Connected Objects Smart Home

GATE connected mailbox makes postal mail notifications just as annoying as e-mail notifications

Even though mailboxes have been around for at least a century, they haven’t changed all that much. They’re still physical boxes, they hold mail, and they don’t do much else. In a world where everything is digital and integrated with the Internet of Things, that simply isn’t enough when such important information is routinely mailed everyday.

GATE smartens up the humble mailbox by adding a Wi-Fi or zWave connected home unit and solar-powered mailbox sensor to the mix. With this done, a sensor-equipped mailbox can send an alert to the home unit whenever it is opened, notifying home owners with a blinking light at a range of 500ft. SMS, email, and Twitter notifications can also be sent out as well so that no matter where someone is, they can stay informed through their iOS or Android device. If mail theft is a big problem in the neighborhood, multiple GATEs can connect to share information about the occurrences. Each GATE goes for $249, with an expected ship date of December 2015. Its campaign is looking for $10,000, and ends June 20th, 2015.

GATE sits opposite the bare-bones Postifier, an Arduino-based mailbox solution that sports a low price but a lack of functionality. As such, there is no contest: GATE pushes the bar up on what a connected mailbox should be, truly bringing it into the 21st century — for a premium.


PackagePal holds your parcels close, hides them from bad weather and bad guys

Mail order items can be some of the easiest and best money-saving ways to purchase items for one’s home, vehicle or for home entertainment. The problem is that these items usually arrive when the person who ordered them is at work. So in an effort to take the weather worries and theft concerns out of the mail order scenario, PackagePal was created.

No tools are required for what is touted as easy installation, and it keeps packages out of plain sight. The package gets inserted into the giant bag-looking device attached to the door, and then the user writes a message and Mr. or Ms. Postman will just pick up the package.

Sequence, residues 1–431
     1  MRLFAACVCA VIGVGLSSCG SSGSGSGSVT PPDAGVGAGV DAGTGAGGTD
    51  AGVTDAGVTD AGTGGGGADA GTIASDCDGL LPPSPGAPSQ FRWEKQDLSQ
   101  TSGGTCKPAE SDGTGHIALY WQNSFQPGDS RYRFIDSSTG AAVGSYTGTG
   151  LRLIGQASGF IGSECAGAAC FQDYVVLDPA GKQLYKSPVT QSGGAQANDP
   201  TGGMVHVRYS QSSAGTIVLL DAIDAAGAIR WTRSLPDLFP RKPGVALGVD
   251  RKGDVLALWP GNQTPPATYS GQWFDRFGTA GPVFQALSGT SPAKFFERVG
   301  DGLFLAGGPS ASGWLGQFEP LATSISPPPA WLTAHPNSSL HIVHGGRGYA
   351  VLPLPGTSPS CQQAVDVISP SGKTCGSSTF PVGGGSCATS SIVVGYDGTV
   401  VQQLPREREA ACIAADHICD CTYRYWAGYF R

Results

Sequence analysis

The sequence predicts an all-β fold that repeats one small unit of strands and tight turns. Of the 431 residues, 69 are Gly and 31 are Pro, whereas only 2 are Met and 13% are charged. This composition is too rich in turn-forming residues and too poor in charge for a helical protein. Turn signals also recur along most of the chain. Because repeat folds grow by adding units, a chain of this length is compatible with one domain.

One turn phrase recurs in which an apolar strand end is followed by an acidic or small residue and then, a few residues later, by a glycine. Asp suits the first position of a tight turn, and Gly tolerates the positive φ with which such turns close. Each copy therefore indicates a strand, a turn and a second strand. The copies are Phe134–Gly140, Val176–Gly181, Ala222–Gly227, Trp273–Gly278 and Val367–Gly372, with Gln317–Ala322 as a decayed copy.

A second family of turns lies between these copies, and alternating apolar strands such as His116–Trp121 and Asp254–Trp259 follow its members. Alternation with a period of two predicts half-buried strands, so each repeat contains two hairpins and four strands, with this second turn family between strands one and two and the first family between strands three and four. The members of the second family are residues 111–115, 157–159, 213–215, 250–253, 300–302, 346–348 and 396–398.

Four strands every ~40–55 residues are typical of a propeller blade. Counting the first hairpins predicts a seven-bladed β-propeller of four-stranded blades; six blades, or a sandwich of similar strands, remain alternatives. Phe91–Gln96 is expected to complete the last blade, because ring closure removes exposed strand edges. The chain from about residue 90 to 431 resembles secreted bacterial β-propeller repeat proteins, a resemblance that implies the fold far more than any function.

It’s questionable, however, as to whether either one would leave a delivery in the attachment. Also questionable is whether the package is truly out of plain sight when the gadget itself still seems to be fairly visible. Still, it’s a pretty decent alternative to services like Interested backers might like to check out Postifier. This campaign seeks to raise $20,000 in funding. For $29, backers get one product with an expected delivery of December 2015.

Accents Organization

Geco Hub organizer crams small items into its grabby grid

The Premise. Keys, bags, phones and other things are essential items for leaving the house. Most people opt to use a special bowl or shelf for their varied accoutrements, but their items tend to get messy when all thrown in the same place. Other storage systems that hang on the wall keep those important accessories in place, but can also make them difficult to access.

The Product. Geco Hub offers a way to keep your accessories handy, but organized at the same time. As the campaign refers to it in a way that tugs at the heartstrings, it is the “home for things without a home.” Using a series of rubber pegs and circles, the hub holds your stuff without poking holes into anything. The shelf is easily assembled and can be adhered or screwed into the wall. This organizational accessory comes in different sizes and colors including black, blue, green, pink and white.

The Pitch. Geco’s campaign starts with a video showing the different ways the product can be used and configured to make different patterns with the colors available. Simon Lyons, the British creator, is a little bland if charming enough in the video. The rest of the campaign shows different design possibilities for the wall fixture and details exactly what the reward tiers offer. Geco hopes to raise £35,000 in their 35-day Kickstarter campaign.

The Perks. One Geco Hub, which is a 5×5 unit, goes for £25 with an estimated delivery date of October 2014. Other perk levels offer different sizes of the hub up to a 15×15 unit for £269. Reward tiers go all the way up to £540.

The Potential. Other products out there have attempted to solve the whole key and letters by the door problem. Most approach it from a more direct stance like the InterDesign Key and Mail Rack that has hooks and a shelf specifically meant for key rings. The Geco Hub is more versatile in what it can hold and, according to the campaign, can hold a great deal of weight. This nifty product is also great for tools or even bathroom accessories making it valuable all over the house. While a little expensive, the Geco Hub is a cool and multipurpose addition for any home.

Connected Objects Maker/Development

Postifier notifies of letter delivery, won’t scream, “You’ve got mail!”

PostifierOne of the benefits of digital communications that we take for granted is the (optional) notification of new messages. Postifier brings what many have a love-hate relationship with to physical mailboxes via a Bluetooth-Arduino mashup. While there’s an element of “because we can” to the product, the creators appeal to the utility for those who have a hard time getting around having to go down to the driveway to pick up their mail. Another option would be to ask neighbors to pick up mail when one is on vacation. However, the Postifier uses Bluetooth, so notification is confined to a relatively short range for now. On theo other hand, the battery is expected to last around nine months. It’s not much to look at now, but should be available to backers in June 2014 for $35 AUD plus another $10 for shipping outside of Australia.